Zinedine Zidane is looking for more energy in the centre of Real Madrid‘s midfield, and the return of Isco could help, but most likely not in terms of energy.

Thirteen months ago, Isco was on top of the world. At just 26 years old, he had won four Champions Leagues, four Club World Cups, three European Super Cups and one LaLiga Santander title in six seasons at Real Madrid. He, along with Marco Asensio, was seen as the future of Los Blancos.

Isco immediately became a huge part of Julen Lopetegui‘s project after taking over at the Estadio Santiago Bernabeu, getting on the scoresheet in a 3-0 win over Roma on September 19, 2018, after having played a pivotal part in Spain‘s 6-0 demolition of Croatia, the World Cup runners-up, the previous week.

But suddenly, on September 25, 2018, the playmaker has appendicitis surgery and since then, Isco has not hit the same heights.

Last Saturday, October 5, Isco returned after 40 days out with a femoral biceps muscle injury and, despite the maelstrom that surrounded the big clubs, there has been little attention drawn to the dynamism that Real Madrid have been missing.

In fact, the footballer that Barcelona tempted two years ago with an offer to not renew his contract has had to deal with anonymity and a lack of importance.

During Santiago Solari‘s spell in charge of Los Blancos, the former Malaga star was highlighted as being the reason behind the club’s underwhelming campaign, despite many other players not performing to the level expected of them.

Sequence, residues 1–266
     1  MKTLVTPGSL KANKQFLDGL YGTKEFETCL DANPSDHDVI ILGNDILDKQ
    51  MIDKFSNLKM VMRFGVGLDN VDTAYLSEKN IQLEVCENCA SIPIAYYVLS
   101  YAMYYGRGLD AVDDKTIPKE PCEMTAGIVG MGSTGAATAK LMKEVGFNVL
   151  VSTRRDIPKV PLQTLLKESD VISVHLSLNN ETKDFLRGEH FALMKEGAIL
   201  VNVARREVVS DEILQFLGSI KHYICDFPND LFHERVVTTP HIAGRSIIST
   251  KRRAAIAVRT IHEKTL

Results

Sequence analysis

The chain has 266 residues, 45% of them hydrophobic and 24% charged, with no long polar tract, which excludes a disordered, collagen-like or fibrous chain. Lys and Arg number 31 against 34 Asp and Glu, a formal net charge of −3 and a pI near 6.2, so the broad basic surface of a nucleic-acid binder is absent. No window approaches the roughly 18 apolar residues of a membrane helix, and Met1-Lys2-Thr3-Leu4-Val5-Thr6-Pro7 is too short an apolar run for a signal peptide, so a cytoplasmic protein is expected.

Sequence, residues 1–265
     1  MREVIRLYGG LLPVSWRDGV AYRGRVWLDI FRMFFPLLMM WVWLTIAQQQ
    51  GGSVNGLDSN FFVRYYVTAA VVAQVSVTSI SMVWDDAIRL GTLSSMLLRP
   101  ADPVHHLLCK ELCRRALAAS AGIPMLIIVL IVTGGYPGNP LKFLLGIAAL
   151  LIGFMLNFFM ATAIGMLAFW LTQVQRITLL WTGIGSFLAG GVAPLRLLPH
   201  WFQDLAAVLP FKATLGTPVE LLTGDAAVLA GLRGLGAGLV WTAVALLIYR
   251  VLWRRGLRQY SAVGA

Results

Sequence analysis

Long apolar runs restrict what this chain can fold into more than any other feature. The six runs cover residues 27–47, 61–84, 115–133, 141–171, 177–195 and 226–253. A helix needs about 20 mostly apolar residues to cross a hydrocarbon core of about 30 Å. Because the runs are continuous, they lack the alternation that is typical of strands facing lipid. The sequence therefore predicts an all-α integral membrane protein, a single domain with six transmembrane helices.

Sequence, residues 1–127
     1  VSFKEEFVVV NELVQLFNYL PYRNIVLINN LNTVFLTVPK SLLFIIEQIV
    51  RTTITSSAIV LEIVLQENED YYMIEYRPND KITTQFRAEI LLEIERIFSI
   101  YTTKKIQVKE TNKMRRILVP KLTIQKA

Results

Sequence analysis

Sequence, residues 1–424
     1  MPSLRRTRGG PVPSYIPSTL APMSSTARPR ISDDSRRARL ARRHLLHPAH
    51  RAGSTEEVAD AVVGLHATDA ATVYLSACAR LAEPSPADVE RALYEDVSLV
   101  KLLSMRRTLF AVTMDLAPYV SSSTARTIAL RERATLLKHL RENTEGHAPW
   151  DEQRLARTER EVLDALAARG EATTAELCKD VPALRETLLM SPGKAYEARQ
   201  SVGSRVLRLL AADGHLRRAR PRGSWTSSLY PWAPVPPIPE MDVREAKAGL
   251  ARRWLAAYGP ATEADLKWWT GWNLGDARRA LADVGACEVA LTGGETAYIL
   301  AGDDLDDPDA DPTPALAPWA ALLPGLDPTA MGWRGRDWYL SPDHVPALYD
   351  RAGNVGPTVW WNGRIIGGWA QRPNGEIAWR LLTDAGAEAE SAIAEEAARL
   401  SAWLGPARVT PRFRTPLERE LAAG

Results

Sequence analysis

That frustration boiled over in a match against CSKA Moscow at the Estadio Santiago Bernabeu in December 2018, when Isco responded to whistles from the crowd by asking, ‘what do you want?’

Now that he is available again, it is unknown which role Zinedine Zidane will give him. During the Frenchman’s second spell in charge, Isco has been the 15th most used footballer, starting in half of the 14 matches played.

Equipped with an unparalleled ability on the ball and the skill to get past players in one-on-one situations, Isco‘s ideal place on the pitch has always been up for discussion because his position has directly affected his performance.

He can open up spaces against a defence that is sitting deep by playing near the opposition area and linking up with the forwards, however Zidane prefers to use him as a midfielder, a position in which his lack of speed and tendency to dribble excessively slows down Real Madrid‘s game.

Isco is a footballer of undisputed quality, although it is not always as clear as it should be, depending on what position he is deployed in.

The slowness of the playmaker to start moves from his own half comes in clear contradiction with the dynamism Zidane is looking for in midfield, which is symbolised by the emergence of Fede Valverde.

The intensity demanded by the French coach contradicts the skillset that Isco possesses, a player who plays a different style of football when 60 metres away from goal to what Zidane wants.